Jun 6, 2009

Hurry up. It's about to start.

1972 was a very good TV year. Many of my childhood memories (I was 10 in 1972) include the whole family sitting around the TV watching "our shows". The TV was one of those big color consoles, more like a piece of furniture than an appliance. It had one of those orange modern sculpture things on top of it. Mom was very hip don'cha know.

Anyway back to "our shows". What brings them to mind today is the death of David Carradine. Kung Fu was one of our "never miss it" shows. I can still picture the opening of the show with David Carradine walking through the desert, bright orange sun behind him.

Half of the show was set in Caine's youth, learning from Master Po and Master Kan. These were always flashbacks that popped up during the show with some pertinent piece of advice for the present day Caine.

Master Po: after easily defeating the boy in combat] Ha, ha, never assume because a man has no eyes he cannot see. Close your eyes. What do you hear?
Young Caine: I hear the water, I hear the birds.
Master Po: Do you hear your own heartbeat?
Young Caine: No.
Master Po: Do you hear the grasshopper that is at your feet?
Young Caine: [looking down and seeing the insect] Old man, how is it that you hear these things?
Master Po: Young man, how is it that you do not?

Master Kan: Quickly as you can, snatch the pebble from my hand.
[Young Caine tries to do so and fails]
Master Kan: When you can take the pebble from my hand, it will be time for you to leave.

The majority of the show involved Caine traveling the American southwest looking for his brother. All the while keeping one step ahead of the Emporer's men who wanted to capture him. Kung Fu taught me that there was discrimination in the world. I was outraged at the treatment that the Chinese immigrants had to endure. Caine also taught that the peaceful solution was always the best. Alas, it never worked out that way. He had to dole out Kung Fu ass kickings every episode. We loved that show. Never missed it. I was very sad to hear about David Carradine.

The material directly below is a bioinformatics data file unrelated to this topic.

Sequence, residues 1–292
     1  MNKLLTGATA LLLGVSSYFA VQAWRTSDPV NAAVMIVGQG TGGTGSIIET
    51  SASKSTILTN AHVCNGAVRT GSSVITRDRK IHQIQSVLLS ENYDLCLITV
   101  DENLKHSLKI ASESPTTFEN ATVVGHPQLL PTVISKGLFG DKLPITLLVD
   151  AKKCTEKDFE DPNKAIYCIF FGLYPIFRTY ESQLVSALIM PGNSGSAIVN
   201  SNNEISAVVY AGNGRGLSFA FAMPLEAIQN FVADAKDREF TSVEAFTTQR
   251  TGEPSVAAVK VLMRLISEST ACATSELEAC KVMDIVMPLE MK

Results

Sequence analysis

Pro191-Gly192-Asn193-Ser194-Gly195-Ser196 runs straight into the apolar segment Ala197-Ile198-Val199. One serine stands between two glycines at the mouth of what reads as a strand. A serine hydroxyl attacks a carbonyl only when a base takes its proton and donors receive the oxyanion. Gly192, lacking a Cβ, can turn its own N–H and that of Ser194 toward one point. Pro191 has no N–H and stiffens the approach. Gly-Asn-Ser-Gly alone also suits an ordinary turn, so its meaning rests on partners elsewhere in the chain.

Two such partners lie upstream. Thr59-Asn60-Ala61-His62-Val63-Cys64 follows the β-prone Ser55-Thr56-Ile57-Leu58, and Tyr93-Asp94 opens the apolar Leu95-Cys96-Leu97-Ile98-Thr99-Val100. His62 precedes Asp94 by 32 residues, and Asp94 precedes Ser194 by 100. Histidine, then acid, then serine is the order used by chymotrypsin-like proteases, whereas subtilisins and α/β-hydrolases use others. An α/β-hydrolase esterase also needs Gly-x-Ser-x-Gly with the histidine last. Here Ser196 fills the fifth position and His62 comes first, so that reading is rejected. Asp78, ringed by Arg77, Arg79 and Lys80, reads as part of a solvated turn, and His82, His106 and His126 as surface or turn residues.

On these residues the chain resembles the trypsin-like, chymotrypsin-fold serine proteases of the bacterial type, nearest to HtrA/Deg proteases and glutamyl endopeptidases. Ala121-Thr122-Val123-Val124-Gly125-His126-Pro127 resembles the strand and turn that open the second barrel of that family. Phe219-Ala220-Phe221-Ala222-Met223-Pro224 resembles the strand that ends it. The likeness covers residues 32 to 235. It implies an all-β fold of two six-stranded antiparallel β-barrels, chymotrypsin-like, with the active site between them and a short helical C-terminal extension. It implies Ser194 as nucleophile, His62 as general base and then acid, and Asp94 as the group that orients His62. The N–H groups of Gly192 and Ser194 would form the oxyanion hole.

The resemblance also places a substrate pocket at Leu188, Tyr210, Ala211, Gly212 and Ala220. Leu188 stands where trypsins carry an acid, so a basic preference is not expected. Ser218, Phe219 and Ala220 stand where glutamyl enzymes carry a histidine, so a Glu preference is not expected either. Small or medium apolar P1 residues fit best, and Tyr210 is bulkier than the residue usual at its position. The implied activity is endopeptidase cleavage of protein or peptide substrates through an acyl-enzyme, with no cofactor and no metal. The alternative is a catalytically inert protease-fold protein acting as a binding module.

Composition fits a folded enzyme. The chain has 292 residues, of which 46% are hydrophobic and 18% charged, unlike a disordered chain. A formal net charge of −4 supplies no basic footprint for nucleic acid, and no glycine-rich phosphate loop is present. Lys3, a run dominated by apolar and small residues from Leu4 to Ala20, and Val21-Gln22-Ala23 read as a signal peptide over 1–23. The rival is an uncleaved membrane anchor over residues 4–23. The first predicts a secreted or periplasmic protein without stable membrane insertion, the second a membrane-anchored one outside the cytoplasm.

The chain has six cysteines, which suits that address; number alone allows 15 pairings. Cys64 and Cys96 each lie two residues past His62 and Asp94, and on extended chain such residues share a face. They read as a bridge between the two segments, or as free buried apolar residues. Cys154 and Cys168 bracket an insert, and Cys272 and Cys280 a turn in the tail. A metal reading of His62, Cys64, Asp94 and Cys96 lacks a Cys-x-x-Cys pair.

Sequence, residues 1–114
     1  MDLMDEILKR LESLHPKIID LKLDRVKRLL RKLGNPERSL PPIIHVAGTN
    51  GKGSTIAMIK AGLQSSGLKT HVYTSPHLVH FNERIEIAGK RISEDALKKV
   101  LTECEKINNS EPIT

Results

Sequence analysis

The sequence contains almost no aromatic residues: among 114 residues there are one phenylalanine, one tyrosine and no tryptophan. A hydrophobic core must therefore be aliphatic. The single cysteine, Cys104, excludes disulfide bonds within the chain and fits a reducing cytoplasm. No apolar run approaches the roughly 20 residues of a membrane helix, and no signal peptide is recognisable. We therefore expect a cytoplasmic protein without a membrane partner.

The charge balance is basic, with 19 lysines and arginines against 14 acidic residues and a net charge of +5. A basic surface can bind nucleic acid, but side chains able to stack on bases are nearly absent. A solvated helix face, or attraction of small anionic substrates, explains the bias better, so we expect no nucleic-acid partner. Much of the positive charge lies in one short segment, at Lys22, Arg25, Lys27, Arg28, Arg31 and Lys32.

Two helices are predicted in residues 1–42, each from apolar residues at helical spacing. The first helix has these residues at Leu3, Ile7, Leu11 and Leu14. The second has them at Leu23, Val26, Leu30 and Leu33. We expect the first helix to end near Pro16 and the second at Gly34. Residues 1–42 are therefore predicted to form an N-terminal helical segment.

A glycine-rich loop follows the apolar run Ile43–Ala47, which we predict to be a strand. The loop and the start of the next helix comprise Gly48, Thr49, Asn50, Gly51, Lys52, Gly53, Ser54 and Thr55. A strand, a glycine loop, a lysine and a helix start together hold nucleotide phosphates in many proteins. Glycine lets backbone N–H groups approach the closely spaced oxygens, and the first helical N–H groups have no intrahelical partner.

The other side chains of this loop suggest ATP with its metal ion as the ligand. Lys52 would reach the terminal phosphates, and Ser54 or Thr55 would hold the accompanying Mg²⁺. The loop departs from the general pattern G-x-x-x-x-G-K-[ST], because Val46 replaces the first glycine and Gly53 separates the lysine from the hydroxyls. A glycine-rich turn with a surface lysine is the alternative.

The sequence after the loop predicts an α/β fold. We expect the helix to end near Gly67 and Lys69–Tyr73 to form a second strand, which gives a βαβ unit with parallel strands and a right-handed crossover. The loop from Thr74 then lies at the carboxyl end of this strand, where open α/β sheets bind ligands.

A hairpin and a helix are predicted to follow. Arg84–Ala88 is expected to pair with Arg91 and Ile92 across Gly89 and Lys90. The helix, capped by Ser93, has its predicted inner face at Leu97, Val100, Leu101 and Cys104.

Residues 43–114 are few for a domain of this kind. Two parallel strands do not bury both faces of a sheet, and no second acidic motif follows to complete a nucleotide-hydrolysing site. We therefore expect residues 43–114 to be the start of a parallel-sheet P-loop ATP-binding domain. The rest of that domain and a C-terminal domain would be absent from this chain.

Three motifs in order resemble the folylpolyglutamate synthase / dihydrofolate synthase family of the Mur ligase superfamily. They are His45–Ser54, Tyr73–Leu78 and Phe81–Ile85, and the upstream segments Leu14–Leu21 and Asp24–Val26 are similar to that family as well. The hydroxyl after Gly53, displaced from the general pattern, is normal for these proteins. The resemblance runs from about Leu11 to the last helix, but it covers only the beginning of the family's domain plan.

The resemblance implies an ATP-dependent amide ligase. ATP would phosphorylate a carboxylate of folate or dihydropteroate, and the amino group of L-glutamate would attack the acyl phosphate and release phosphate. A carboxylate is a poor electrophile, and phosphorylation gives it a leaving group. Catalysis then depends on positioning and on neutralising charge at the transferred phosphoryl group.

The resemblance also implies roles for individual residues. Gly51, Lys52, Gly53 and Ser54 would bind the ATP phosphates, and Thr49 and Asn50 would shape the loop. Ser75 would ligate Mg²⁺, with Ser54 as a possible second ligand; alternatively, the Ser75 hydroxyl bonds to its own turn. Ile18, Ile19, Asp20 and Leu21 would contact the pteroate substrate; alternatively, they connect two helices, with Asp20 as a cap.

Our other shows (all of them started in 1971 or 1972) were:

The Waltons


All in the Family

They just don't make TV like that anymore.


  1. Thanks for the memories.

  2. The Kung-Fu series literally changed my life.
    I was inspired to train in the San-Soo style,and went on to achieve my black belt,and become an instructor...Some of the best years of my life.
    I was very sad to hear about David's death,especially in such an undignified fashion.
    All those shows you mentioned sure made a huge cultural impact in their time.

  3. I never saw Kung-Fu, but I thought David Carradine was most excellent in Kill Bill (the 3rd movie). It is sad--and too bad that the media has to report on how he was found. They should have just left it at "accidental death" and moved on.

    Anyway, on a brighter note, "All in The Family" is one of my favorite shows of all time. :)

  4. I have a new respect for TV Land! LOL

  5. Rae - Anytime dear.

    Sling - Kill Bill is awesome no doubt, but David will always be Kwai Chang Caine to me. I can see how it would have inspired you so.

    Miss HP - It is very sad and even more sad is that it's just the news tidvbit of the day. Have to keep feeding the monster.

    Boy - As well you should.

  6. My best TV was in the late 70's... Dukes of Hazzard, Chips, Dallas

  7. JP - Loved Dallas, Dynasty too. Dukes and Chips, not so much.

  8. I loved David carradine's "Bound for Glory" about Woody Guthrie...its excellent stuff, very John Steinbecky